Ever since they hit the market, Android phones have been coming on strong to carve out their own niche in the always expanding mobile device technology industry. When cell phones first became popular, they were utilized as extensions of our home or office based land lines. Thanks to cells, we could make calls anywhere — provided there was a signal. Those first phones where the size of bricks. Today, that same technology is the size of a deck of cards with a lot more software packed into the phone. Now our mobile phones also have direct access to all that the Internet offers. It’s as if we are carrying around tiny computers in our hands.
The popular tracking firm Nielsen showed that last year Android phones captured an impressive 32% of the sales, squeezing BlackBerry and Apple in a struggle for second place. Aside from an intense marketing campaign, one of the reasons for Android’s apparent success is their embracing of open source software for their operating systems. By using these types of applications, Android is able to slip into already established customer bases and capture them by offering the same type of downloadable applications.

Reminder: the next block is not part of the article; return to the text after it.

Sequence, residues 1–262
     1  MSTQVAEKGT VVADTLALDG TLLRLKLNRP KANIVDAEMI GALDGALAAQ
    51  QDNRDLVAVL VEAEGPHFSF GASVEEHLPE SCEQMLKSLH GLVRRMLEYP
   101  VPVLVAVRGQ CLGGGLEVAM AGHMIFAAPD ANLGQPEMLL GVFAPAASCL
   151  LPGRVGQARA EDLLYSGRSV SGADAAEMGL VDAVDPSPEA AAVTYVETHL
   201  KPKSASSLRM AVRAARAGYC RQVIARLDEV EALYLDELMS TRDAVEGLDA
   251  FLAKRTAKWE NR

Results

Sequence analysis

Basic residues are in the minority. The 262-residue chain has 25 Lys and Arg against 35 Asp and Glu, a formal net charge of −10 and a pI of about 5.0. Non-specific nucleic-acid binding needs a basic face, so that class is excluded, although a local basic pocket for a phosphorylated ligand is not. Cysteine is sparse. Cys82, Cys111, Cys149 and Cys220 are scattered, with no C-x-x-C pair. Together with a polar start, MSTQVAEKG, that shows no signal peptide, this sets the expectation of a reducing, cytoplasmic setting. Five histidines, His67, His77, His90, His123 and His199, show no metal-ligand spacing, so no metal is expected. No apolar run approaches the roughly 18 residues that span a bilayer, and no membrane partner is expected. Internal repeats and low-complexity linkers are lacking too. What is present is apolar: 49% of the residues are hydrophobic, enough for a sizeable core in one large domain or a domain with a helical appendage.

This is also allowing other phone manufacturers to get into the Android business. Tech companies like Samsung and HTC are making their own versions of Android phones by using the open source operating system. All of this means more choices for consumers. Each phone has it’s own dedicated fan base, but with the ability to carry your mobile phone number with you to your next phone, switching devices has never been easier.
By last count Blackberry was still in command of the user based market with 31% followed by Apple with 28% and Android holding on to 18%. But as with anything that has to do with technology, those numbers are destined to change.